There, Their and Everywhere
There used to come a time when the San Jose Sharks would, after a very successful regular season where they often finished with stellar records and regular season point totals that often ended up being over 100 points, fail to live up to their regular season promise and would fall flat on their faces and get eliminated from that season’s Stanley Cup playoffs. The Sharks were always the regular season darlings of the league, who were always good enough to beat pretty much every team in the league at any point of a regular season, but who were never good enough to go very far in the post season.
Their history included being a team that, over the last twenty years or so, had made it to the playoffs as consistently as any team in hockey other than the Detroit Red Wings, but, they were also a team that had never made it to a Stanley Cup final.
Their road in recent years has been that they have always had the tough Western Conference to get through to even get to the finals. The Chicago Blackhawks, the L.A. Kings, the Anaheim Ducks, the St. Louis Blues… are ALL considered to be in the conversation as being the best half dozen or so teams in all of hockey. A Shark team would have to get past all of these teams to get to a finals.
There were years when the Sharks could have the best regular season record in the West (many times) and even the best record in all of hockey, but they still could never live up to their potential and be good enough to whip all of their Western Conference contenders in the playoffs to advance to the finals.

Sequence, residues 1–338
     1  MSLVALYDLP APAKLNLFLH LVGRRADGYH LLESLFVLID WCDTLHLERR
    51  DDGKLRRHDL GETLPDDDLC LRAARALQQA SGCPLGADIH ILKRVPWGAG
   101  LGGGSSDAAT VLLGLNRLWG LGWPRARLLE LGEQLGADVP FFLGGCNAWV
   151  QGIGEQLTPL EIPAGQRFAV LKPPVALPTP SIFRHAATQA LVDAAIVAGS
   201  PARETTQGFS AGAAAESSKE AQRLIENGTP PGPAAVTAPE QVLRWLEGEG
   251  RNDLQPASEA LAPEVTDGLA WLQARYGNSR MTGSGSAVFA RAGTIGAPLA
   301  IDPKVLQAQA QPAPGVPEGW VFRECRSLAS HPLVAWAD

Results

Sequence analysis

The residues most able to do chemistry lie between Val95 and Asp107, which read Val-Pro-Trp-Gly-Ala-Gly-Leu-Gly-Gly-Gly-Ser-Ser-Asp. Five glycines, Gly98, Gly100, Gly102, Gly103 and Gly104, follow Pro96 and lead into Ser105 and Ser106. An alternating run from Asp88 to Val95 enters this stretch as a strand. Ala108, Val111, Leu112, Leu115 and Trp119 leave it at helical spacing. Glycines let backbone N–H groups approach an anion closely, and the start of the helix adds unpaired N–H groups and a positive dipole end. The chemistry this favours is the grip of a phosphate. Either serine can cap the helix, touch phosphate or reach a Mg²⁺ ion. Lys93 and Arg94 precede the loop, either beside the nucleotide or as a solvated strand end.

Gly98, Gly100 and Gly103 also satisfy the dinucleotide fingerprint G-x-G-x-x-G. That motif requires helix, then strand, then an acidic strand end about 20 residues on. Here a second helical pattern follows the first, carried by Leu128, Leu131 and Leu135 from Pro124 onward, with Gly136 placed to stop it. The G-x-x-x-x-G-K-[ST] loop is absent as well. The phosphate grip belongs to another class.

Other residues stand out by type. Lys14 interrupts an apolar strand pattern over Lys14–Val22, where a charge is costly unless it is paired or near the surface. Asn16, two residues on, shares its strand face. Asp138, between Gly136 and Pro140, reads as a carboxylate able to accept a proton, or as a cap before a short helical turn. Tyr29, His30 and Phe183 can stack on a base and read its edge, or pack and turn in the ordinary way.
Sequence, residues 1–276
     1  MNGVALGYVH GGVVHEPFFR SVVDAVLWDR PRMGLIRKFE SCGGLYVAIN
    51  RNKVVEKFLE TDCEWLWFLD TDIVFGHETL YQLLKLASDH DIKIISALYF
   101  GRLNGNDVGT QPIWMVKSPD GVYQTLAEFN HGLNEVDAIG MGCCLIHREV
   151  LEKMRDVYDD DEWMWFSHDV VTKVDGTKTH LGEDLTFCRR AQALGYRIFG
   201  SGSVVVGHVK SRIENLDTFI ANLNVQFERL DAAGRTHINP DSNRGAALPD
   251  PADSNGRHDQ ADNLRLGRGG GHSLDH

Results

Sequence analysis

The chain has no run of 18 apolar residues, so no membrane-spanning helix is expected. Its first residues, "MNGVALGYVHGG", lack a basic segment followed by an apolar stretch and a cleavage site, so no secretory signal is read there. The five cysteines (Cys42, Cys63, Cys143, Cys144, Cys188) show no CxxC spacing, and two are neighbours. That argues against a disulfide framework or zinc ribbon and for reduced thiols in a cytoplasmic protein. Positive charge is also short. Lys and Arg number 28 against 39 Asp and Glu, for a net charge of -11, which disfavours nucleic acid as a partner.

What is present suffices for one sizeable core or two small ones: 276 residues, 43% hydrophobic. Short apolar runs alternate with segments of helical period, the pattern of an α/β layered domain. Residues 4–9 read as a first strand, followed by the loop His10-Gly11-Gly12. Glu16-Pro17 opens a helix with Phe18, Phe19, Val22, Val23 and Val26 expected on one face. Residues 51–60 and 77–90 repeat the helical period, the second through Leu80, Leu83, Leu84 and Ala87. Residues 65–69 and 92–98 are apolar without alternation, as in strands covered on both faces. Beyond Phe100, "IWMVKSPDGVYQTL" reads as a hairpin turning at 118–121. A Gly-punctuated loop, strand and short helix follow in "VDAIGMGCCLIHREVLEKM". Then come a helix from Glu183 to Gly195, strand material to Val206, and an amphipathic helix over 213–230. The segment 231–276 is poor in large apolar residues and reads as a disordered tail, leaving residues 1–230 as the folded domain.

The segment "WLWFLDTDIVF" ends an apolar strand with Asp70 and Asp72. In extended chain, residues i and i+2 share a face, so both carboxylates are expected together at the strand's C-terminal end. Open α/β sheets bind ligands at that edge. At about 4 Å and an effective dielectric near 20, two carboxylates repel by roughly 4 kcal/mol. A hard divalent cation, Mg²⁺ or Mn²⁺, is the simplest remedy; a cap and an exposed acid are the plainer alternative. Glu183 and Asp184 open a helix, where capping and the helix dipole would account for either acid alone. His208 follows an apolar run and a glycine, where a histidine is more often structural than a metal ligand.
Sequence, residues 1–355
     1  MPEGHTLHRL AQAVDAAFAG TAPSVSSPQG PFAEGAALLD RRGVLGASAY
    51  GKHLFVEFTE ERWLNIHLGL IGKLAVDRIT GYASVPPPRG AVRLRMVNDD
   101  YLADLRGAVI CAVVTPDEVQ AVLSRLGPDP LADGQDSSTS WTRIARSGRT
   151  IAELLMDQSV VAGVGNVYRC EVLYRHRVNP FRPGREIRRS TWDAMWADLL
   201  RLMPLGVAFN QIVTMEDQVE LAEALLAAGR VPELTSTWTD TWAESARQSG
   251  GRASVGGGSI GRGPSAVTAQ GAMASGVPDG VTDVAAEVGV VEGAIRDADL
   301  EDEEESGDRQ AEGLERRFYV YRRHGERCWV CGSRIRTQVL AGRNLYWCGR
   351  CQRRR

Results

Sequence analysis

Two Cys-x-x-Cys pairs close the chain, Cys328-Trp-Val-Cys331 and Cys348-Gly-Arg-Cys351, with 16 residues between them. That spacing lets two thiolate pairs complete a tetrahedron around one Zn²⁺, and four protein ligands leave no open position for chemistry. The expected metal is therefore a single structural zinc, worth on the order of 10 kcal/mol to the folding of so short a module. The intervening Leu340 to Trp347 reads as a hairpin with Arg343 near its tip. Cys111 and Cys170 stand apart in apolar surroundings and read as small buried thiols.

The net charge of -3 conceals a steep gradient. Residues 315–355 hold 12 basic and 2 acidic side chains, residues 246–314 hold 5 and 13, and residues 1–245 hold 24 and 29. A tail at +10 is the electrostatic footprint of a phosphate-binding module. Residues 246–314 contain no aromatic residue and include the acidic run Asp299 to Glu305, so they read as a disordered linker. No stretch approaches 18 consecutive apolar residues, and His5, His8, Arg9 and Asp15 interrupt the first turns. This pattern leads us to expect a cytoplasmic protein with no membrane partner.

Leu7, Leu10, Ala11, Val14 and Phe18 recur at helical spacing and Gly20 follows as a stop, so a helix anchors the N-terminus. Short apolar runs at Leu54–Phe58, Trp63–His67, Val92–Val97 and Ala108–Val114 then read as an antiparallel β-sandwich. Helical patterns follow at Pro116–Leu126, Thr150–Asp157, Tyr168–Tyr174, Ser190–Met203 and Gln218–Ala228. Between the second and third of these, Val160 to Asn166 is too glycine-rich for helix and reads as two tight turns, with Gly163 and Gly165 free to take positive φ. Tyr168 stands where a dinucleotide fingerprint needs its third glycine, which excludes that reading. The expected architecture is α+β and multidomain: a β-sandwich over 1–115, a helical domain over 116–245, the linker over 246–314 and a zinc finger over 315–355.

There even was one year when the Sharks were good enough to win the first three games of a best of seven series against the Los Angeles Kings, only to then go out and lose the next four games to the resilient 2014 Kings team that ended up winning all three of their Western Conference series in crucial, pressure packed seventh games to both advance to and to eventually win that season’s Stanley Cup.
They’re a great example of a really good team that had never had that inner strength growth spurt to rise above good to mature into becoming great. They almost panicked and blew up that team after that 2014 playoff debacle (“trade away half the team,” said the pundits), but they kept their nucleus together and chose to interpret that experience as a case of “them being good enough to be up 3 to 0 and to take the eventual Stanley Cup champion to seven games” rather than interpret them the negative way as being only the fourth team in hockey history to blow a 3 to 0 lead.
Their solution was to fire the coach and keep the players together. Maybe one year, this nucleus of fine players that the rest of the league KNOWS are pretty damn good, such as longtime Sharks Joe Thornton, Joe Pavelski, Mark Eduard Vlasic, Brent Burns, Logan Couture, Patrick Marlowe, etc. could get their act together and be as good in the playoffs as they usually are during the regular season.
There is no longer a maybe. The Sharks, who knocked off their longtime nemesis the Kings in the first round of the playoffs this year, have defeated the Blues (who had knocked off the Blackhawks), and have advanced to their first Stanley Cup finals in club history.
Their demons have finally been exorcized.
They’re finally able to say up in San Jose that this is THEIR year.
There is a strong sentiment now amongst all of the pundits that the Sharks are now the team to beat.
They’re only in the finals, though, and they’re not just glad to be there, because their mission will not be complete until there is a Stanley Cup in their possession.